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Diana Coholic

Diana Coholic

Full Professor, School of Social Work
School of Social Work
Faculty of Education and Health


Diana obtained her Ph.D. at the University of New South Wales in Sydney, Australia, and her M.S.W. degree at the University of Toronto. Diana is a practicing clinical social worker with 25+ years of experience, and she has been involved with the local chapter of the Ontario Association of Social Workers since 2005. At Laurentian University (LU), she is a core member of the research group ECHO - Evaluating Children's Health Outcomes. She is also the SSHRC Leader for LU. For almost six years, Diana was the Academic Director for the Northern Ontario Region of the YouthREX project that has a mission to make "research evidence and evaluation accessible and relevant to Ontario’s youth sector through knowledge mobilization, capacity building and evaluation leadership." 

Diana's research investigates the effectiveness of arts-based mindfulness group work for the improvement of wellbeing and resilience particularly in marginalized children and youth. The 12-week arts-based mindfulness group program that she and her team developed is called Holistic Arts-Based Program (HAP). HAP helps youth improve their mood and self-esteem, and develop better coping skills and relationships through the enjoyable experience of creative group work. A session by session ouline of HAP can be found here: Facilitating Mindfulness: A Guide for Human Service Professionals. More information (including videos & webinars) can be found on her research website: 

Starting in 2022, she and her team are studying the benefits of HAP within school systems in cooperation with school boards across northeastern Ontario and beyond. The goal of this 3-year project is to study the benefits of HAP at school for young people, and also how teachers, school-based helping professionals, and caregivers experience learning about and/or facilitating the program. The team’s objectives are to:  

  1. teach young people mindfulness skills & concepts that could lead to improved resilience including abilities to focus, cope, and engage in effective relationships;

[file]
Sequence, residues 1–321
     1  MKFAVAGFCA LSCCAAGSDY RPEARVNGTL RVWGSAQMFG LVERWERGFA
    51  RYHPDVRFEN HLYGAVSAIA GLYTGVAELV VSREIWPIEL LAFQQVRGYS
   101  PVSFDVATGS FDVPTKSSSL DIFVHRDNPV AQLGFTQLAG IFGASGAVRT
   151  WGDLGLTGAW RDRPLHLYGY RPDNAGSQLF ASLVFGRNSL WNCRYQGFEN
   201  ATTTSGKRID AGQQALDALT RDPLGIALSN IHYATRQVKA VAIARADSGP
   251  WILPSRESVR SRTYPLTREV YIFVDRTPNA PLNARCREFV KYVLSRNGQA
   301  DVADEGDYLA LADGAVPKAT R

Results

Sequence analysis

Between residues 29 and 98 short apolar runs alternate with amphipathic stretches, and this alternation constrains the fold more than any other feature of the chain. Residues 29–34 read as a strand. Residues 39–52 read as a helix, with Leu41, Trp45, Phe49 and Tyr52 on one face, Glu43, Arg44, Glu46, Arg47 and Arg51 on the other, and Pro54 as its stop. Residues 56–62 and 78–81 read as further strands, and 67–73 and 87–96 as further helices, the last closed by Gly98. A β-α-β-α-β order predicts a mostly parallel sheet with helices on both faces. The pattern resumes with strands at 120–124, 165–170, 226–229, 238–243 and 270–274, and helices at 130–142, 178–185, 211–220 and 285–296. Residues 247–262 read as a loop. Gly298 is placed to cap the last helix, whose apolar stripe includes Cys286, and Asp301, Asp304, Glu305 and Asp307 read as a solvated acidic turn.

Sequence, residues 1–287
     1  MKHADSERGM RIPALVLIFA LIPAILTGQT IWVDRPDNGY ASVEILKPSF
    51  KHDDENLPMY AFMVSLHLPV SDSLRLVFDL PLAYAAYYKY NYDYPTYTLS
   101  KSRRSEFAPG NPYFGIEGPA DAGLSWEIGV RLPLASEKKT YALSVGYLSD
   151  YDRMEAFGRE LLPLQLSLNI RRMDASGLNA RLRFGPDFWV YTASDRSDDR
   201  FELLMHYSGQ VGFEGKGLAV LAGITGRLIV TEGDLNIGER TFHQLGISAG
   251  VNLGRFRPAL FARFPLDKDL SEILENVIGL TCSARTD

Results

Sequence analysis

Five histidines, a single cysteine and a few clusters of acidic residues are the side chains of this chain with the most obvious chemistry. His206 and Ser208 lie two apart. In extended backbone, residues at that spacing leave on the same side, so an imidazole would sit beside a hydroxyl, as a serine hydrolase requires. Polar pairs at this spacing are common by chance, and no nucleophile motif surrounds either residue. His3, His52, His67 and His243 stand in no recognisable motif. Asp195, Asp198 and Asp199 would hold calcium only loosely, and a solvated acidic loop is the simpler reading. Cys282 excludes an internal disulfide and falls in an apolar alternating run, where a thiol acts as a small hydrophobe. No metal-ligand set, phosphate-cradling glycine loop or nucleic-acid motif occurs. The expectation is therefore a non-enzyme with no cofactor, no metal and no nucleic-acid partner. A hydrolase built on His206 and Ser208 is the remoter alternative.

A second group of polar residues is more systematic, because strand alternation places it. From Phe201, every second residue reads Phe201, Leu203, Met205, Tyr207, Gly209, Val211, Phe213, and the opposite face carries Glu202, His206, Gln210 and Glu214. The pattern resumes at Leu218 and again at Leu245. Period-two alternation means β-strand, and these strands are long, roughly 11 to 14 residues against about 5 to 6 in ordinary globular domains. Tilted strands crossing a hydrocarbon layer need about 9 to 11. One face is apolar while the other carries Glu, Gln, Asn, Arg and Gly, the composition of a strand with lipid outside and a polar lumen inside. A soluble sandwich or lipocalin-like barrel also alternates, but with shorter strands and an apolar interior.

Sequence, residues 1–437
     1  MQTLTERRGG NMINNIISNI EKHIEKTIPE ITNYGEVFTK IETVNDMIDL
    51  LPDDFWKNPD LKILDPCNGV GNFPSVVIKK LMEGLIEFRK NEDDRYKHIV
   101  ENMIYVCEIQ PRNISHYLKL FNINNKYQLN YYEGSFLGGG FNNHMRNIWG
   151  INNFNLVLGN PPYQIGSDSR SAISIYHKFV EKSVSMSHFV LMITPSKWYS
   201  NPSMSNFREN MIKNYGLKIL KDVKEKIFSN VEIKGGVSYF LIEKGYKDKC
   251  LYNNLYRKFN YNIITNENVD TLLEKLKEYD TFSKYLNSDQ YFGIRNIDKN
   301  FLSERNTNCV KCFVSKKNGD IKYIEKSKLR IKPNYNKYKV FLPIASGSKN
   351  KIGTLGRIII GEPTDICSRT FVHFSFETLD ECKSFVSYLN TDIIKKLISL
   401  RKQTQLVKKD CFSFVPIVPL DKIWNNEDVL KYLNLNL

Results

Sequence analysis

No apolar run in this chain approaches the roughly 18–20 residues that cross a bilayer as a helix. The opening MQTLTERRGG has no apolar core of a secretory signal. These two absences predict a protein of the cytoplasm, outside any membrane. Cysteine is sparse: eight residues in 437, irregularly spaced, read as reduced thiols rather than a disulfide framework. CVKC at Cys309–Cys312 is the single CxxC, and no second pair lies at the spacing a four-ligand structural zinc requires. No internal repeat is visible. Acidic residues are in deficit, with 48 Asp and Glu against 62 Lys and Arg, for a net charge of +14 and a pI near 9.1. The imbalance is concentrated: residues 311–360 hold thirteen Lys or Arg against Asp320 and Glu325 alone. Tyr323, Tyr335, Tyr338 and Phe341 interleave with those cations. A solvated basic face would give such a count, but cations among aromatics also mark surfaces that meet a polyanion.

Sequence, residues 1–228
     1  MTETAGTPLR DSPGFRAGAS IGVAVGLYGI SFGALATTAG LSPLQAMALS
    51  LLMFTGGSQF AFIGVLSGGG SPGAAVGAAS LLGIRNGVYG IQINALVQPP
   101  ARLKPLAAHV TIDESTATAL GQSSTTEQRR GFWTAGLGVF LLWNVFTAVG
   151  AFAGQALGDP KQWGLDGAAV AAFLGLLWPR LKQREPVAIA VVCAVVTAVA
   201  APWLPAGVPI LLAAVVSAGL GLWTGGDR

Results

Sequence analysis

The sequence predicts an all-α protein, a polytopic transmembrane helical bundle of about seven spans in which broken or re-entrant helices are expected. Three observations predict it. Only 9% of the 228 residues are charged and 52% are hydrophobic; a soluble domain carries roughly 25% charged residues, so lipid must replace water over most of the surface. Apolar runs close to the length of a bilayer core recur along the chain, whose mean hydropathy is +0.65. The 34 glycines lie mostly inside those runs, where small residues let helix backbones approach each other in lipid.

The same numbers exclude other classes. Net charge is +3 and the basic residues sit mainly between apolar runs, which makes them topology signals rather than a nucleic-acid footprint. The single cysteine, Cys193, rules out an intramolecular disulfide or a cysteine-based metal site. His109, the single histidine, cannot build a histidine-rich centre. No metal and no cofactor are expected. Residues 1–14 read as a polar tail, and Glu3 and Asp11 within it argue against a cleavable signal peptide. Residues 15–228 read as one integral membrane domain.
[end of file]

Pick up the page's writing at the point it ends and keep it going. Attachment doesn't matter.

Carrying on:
2. train teachers, social workers, early childhood educators and other school-based personnel in arts-based mindfulness methods, which may impact the resilience of school systems;

  3. investigate the delivery processes and outcomes of different formats of HAP (traditional 12-week program, whole class format, imbedded in the curriculum); and, 

  4. educate parents/guardians in arts-based mindfulness methods, which may reinforce the students’ learning and improve family systems. 

As of February 2022, HAP is being facilitated in elementary and high school classrooms within four school boards: Rainbow District School Board, Sudbury Catholic District School Board; Conseil scolaire public du Nord-Est de l’Ontario and Conseil scolaire catholique du Nouvel-Ontario.


  • Ph.D., University of New South Wales
  • M.S.W., University of Toronto
  • B.A., University of Guelph

On The Web

Article in The Conversation, January 12, 2020: Visual Arts Helps Marginalized Youth Learn Mindfulness and Self-Compassion

Research Website


Diana's current research investigates the effectiveness of arts-based/mindfulness-based group work. Her research interests include group work, holistic practices, and strengths-based approaches.  Diana has supervised graduate students in the areas of mindfulness, arts-based group work, Aboriginal girls and resilience, various social work practices, vicarious trauma, gender, and mental health.


  • Faculty of Health Excellence in Research Award (2018-2019)


  • Coholic, D. with MacEwan, L. (2022). Social Group Work: A Strengths-Based Approach. Northrose Educational Resources. 

  • Coholic, D., Schwabe, N., & Lander, K. (2020). A scoping review of arts-based mindfulness interventions for children and youth. Child & Adolescent Social Work Journal,  (Open Access)

  • Coholic, D. (2019). Facilitating Mindfulness: A Guide for Human Service Professionals. Whitby, ON: Northrose Educational Resources.  See: 

  • Coholic, D., Dano, K., Sindori, S., & Eys, M. (Feb 4, 2019). Group work in mindfulness-based interventions with youth: A scoping review [Special issue]. Social Work with Groups.

  • Coholic, D., Schinke, R., Oghene, O., Dano, K., Jago, M., McAlister, H., & Grynspan, P. (Feb 12, 2019). Arts-based interventions for youth with mental health challenges. Journal of Social Work.

  • Coholic, D., Eys, M., McAlister, H., Sugeng, S., & Smith, D. (2018). A mixed method pilot study exploring the benefits of an arts-based mindfulness group intervention with adults experiencing anxiety and depression. Social Work in Mental Health, 16 (5), 556-572doi: 10.1080/15332985.2018.1449774